As a generator hums in the backyard, George Frasier is diligently working to restore his house after flash floods Thursday night caused his cellar to fill with water.
Frasier, his father and a friend were hauling damaged tools and furniture out of the house that currently has no power or running water.
The trio had been working since late Thursday night after heavy rains began to slow down. He estimated that the cleanup process could take about a month or maybe even longer. Frasier is living with his parents while he cleans out his house. The damage the flood caused was not cheap either, he said.
“It will probably cost me around $20,000,” Frasier said. “Between the expensive power tools I had in there, furniture, and a few other things, yeah, it’s a lot of money.”
Frasier’s basement was one of many in Montgomery County that were flooded by the storm. Flash floods struck the county and parts of Schoharie County, with the Canajoharie Creek rising above flood stage, the National Weather Service said.
County officials lifted the state of emergency Monday morning after the order was issued Thursday night.
Flash floods that damage property and homes have become common in the county. However, Frasier said his home had not been damaged during any previous floods.
Ironically, a creek that about runs two dozen feet away from the house was not the cause of the flood.
While standing in the backyard, Frasier pointed to a hill roughly 30 feet away where the water came rushing down to fill the cellar.
“It’s weird that the creek isn’t what did me in here,” Frasier said.
Frasier said he was lucky that the water did not reach the first floor of his home.
“It made it to the top step and that was it,” he said.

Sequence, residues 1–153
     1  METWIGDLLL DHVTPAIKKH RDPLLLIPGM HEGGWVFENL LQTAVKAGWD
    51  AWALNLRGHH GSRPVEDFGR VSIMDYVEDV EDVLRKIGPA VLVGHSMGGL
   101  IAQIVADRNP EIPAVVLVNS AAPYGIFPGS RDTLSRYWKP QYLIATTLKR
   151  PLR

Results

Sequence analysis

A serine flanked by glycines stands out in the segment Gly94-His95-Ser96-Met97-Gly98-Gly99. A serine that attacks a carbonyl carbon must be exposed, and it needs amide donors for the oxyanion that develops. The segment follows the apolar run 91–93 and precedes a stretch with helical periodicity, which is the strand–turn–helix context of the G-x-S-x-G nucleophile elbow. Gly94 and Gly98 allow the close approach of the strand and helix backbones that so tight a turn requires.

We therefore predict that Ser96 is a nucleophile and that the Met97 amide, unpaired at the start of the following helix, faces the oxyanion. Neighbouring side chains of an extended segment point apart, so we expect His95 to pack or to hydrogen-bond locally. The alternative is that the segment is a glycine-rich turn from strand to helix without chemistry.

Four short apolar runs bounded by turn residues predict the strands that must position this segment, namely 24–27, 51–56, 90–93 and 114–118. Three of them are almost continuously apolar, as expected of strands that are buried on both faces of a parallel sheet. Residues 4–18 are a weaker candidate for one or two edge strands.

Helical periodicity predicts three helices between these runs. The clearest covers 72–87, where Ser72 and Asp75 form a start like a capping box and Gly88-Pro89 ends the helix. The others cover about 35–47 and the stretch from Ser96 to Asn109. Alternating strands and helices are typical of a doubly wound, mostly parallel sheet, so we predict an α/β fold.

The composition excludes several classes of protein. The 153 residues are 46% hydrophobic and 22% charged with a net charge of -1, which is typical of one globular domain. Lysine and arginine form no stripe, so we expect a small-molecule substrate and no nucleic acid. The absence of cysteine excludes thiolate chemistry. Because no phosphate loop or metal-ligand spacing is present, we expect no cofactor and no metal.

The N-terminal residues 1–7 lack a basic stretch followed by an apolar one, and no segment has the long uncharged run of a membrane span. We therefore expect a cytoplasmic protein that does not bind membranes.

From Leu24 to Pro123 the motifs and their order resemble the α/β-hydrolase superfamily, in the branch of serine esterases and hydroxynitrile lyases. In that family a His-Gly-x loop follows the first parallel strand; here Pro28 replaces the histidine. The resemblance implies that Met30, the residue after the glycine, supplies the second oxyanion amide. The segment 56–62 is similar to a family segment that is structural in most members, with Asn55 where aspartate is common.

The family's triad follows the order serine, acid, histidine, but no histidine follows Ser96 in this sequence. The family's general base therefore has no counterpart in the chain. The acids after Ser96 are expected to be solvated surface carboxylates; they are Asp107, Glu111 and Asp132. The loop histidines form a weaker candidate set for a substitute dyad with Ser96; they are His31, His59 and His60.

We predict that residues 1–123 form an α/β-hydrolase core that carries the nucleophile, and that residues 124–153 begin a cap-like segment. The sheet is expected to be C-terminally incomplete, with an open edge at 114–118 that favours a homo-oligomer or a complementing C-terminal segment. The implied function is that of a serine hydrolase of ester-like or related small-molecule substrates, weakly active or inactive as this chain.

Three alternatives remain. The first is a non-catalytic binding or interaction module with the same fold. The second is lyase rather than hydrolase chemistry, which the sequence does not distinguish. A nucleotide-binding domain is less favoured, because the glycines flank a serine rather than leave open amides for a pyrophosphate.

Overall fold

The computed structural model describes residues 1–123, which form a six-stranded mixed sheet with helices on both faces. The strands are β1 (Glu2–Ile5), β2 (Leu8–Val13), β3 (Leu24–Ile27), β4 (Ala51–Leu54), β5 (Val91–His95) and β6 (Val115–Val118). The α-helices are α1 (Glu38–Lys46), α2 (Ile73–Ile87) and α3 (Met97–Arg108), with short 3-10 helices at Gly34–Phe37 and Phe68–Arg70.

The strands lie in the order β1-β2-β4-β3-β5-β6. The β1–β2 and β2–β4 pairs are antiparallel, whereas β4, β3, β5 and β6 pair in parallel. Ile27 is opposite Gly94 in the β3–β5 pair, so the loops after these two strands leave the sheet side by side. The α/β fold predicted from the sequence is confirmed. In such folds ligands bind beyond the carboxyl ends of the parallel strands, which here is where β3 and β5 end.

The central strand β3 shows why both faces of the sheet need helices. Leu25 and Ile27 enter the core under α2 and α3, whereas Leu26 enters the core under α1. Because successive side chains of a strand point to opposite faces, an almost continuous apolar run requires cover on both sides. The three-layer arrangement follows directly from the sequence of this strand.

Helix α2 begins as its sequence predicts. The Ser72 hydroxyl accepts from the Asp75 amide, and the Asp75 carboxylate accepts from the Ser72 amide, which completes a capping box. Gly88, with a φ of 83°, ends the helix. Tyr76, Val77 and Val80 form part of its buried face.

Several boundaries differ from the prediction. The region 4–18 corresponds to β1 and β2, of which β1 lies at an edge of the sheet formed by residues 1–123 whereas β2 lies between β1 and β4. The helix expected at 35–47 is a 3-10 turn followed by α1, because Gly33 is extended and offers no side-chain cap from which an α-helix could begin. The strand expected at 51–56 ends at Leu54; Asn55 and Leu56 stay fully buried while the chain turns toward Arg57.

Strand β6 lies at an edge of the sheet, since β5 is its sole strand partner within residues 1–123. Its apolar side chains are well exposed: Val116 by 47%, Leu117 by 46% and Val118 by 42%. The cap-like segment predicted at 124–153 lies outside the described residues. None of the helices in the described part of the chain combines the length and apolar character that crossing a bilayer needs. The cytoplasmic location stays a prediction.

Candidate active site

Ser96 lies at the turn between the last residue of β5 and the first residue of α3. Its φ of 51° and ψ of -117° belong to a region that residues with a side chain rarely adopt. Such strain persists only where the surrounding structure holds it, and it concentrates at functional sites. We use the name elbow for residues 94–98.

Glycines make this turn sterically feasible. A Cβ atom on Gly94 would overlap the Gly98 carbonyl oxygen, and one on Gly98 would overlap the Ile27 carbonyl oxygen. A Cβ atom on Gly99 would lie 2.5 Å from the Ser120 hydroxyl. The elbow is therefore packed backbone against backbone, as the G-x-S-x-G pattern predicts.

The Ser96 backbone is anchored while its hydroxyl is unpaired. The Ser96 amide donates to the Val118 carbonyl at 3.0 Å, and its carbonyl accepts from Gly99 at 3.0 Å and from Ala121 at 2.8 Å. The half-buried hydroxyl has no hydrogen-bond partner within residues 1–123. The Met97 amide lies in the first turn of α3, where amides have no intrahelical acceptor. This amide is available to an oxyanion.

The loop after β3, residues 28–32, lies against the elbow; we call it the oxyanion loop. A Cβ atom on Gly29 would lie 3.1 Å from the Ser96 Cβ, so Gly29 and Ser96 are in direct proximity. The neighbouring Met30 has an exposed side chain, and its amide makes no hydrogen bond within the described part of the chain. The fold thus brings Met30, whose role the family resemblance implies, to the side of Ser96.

Montgomery County Emergency Management Director Jeff Smith said the county is working to get help from the state and federal governments, but oftentimes that can be very difficult.
Smith said that to obtain help from FEMA a natural disaster must cause at least $26 million worth of damage.
“That is a tough threshold for us to cross,” he said. “Twenty-six million dollars is a lot of money.”
Smith said that it is unfortunate that homeowners and taxpayers have to take on the costs of the damage.
He said that massive floods are caused because the sewer system and ditches in the area are not able to hold large amounts of water, which causes severe run-off.
He said there was little the county could do to lessen the effects of floods caused by downpours. “You know it’s tough when you get hit with 3 or 4 inches of rain in such a short amount of time. I don’t really know if there is much you can do about that.”
State Sen. Cecilia Tkaczyk, D-Duanesburg, who represents parts of Montgomery County, said, “I will be meeting with local officials to discuss how the state can help the recovery efforts. . . . We will look at all options that might be available this year.”